by Jeff C. Carter -
Barney Keepagami wriggled his fingers into the soil, searching for the fine thread-like feeder roots of the genetically modified plant. There were machines that could handle such simple tasks but he liked to dig. His finger brushed an invisible string and when he closed his eyes he could trace it back, branching like a fractal, to the heart of the plant. He slowly pulled away the dirt and exposed the tangled roots to the light.
He grabbed a handful of dry Eclectia soil and packed it around the roots, praying that the plant would not choke on the orange grit. He hoped that one day these hybrids, part ancient earth plant, part alien plant, would find purchase on the planet below.
He held up a small pot containing one of the grey alien weeds that clung to the planet’s barren surface. It was useless for agriculture, yet Barney admired its tenacity. If mankind hoped to last on Eclectia they could learn much from this dauntless creature.
Barney left the experimental agriculture lab, passing through a series of decontamination chambers. He finally emerged with a whoosh, stepping into the space station’s massive greenhouse. He took a deep breath of air and held it, savoring the fresh clean taste that was so rare on Avenir.
The thick canopy of plants purified the air supply and provided the luxury of fresh food to the lucky few who could afford it. It was a marvelous system, and Barney knew that the seaweed aquaculture labs of the underwater cities were even more abundant. Barney dreamed of a future beyond stagnant space stations and dank underwater cities. He dreamed of a lush and verdant Eclectia, a place where people could cultivate the soil, live off the land and make a real connection with their world.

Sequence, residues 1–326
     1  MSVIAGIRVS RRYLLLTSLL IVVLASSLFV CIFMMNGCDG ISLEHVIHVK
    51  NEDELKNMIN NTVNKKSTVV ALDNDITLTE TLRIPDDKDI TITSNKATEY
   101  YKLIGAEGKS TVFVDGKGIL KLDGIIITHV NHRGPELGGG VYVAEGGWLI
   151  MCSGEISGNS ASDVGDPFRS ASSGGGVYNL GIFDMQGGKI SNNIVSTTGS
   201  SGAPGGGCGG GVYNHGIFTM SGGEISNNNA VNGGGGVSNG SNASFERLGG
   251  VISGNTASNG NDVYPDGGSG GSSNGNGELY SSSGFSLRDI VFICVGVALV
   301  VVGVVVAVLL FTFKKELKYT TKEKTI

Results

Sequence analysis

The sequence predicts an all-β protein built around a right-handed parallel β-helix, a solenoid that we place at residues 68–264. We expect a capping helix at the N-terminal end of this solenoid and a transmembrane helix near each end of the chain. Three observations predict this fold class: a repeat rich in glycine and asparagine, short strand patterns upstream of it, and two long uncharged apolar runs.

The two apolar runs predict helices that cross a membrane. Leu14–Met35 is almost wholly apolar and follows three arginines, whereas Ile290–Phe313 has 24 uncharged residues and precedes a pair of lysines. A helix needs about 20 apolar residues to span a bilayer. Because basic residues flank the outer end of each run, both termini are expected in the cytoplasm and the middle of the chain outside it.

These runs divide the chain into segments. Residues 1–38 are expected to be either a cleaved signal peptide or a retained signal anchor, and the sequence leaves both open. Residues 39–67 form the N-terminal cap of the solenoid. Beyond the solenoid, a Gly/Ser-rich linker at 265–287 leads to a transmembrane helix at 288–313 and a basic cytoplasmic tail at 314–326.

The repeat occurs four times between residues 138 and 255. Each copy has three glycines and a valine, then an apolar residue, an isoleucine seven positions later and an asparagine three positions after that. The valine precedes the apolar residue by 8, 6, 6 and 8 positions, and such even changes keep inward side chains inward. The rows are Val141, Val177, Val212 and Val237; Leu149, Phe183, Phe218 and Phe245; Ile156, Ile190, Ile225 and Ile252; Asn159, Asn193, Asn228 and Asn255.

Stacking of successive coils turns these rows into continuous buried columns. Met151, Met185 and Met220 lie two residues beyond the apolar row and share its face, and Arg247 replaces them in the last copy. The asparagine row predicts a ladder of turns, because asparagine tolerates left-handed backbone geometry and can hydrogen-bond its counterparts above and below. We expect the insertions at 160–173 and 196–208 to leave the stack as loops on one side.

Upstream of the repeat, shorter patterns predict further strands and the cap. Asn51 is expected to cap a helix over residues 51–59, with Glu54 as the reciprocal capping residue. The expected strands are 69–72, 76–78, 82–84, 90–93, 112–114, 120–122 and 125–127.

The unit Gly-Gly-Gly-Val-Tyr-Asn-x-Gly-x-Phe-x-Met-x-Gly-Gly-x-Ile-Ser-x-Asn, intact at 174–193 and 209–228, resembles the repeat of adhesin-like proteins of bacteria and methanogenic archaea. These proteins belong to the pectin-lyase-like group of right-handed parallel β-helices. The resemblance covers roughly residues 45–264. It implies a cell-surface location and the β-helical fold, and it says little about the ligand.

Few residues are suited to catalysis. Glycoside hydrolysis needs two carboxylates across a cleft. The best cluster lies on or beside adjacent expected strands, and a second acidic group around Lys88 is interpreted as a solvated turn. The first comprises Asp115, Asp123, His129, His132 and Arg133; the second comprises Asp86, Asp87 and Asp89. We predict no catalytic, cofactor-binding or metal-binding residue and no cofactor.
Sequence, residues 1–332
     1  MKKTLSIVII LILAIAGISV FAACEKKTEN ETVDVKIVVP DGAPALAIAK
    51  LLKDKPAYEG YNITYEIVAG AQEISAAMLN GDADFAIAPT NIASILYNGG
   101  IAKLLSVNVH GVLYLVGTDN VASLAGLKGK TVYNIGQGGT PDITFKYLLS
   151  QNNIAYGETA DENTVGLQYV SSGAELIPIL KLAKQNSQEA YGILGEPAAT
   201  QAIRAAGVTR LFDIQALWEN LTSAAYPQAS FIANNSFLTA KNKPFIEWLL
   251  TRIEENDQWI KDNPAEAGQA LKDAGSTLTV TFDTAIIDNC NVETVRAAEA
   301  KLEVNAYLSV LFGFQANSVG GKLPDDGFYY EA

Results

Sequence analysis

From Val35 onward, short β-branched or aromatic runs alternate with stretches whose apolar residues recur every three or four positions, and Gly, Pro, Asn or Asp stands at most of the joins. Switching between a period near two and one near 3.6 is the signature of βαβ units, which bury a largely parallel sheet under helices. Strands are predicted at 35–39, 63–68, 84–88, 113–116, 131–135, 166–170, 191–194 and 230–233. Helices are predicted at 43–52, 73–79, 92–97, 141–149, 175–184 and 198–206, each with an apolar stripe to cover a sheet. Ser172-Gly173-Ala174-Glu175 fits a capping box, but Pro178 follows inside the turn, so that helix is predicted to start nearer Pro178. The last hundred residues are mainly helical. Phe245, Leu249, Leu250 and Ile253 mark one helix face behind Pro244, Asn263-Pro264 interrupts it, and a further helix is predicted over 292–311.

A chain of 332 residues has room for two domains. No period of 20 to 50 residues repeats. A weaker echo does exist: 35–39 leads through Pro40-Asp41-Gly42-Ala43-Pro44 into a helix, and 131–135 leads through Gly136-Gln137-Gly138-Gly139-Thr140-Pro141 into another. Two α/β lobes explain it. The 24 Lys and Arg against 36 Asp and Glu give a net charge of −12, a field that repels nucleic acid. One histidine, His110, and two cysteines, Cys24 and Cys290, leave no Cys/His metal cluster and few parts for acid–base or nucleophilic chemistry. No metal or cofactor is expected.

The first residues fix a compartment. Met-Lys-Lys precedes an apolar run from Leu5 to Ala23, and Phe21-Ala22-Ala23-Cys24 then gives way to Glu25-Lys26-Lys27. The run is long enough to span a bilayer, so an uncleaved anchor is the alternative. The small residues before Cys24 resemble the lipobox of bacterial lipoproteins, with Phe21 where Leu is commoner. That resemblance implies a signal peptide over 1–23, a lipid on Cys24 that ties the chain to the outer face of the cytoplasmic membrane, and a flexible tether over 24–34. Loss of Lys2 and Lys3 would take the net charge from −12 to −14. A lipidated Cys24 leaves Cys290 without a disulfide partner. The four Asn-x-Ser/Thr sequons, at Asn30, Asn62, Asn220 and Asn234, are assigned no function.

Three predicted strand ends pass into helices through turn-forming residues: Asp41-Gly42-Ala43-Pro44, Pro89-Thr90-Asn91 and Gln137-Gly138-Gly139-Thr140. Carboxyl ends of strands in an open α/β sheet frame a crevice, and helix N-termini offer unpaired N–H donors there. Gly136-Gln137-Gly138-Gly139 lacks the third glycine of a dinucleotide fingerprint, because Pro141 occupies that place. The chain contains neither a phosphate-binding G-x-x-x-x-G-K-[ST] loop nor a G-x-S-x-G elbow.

A whiff of stale air assaulted his nose and he turned around in time to see a tired looking enforcer wander through the indoor forest. “Officer Solorzano?” Barney called.
Solorzano squinted, his eyes unaccustomed to the strange yellow glare of the simulated sun overhead. He shaded his eyes and spotted Barney. “Barnacle!” He indicated the trees with a nod of his chin. “You call this retirement? Working as a gardener?”
Barney gave the enforcer a friendly squeeze on the shoulder. “Something like that. How have you been?”
“I’m beat. The P.K.’s running us ragged. The good news is that I can finally throw you some of the overflow.”
“I’m sorry, but I’ve got my hands full here. I don’t have the time for a cold case right now.”
Solorzano shook his head. “This one is red hot. What do you know about the St. Christina’s Riot?”
Barney had seen the news. The entire affair had been so shocking and aberrant. So inexplicable. The investigation was still open. There were clues out there, answers to be found. An old stirring welled up inside of him.
“Not much,” Barney said, “but I’ll do some digging.”